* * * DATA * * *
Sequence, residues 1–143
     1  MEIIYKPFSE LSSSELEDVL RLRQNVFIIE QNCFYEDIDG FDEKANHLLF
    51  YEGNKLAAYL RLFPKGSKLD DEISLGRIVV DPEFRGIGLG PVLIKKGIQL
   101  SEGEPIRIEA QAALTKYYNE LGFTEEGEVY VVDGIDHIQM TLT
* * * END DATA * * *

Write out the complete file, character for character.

Sequence, residues 1–143
     1  MEIIYKPFSE LSSSELEDVL RLRQNVFIIE QNCFYEDIDG FDEKANHLLF
    51  YEGNKLAAYL RLFPKGSKLD DEISLGRIVV DPEFRGIGLG PVLIKKGIQL
   101  SEGEPIRIEA QAALTKYYNE LGFTEEGEVY VVDGIDHIQM TLT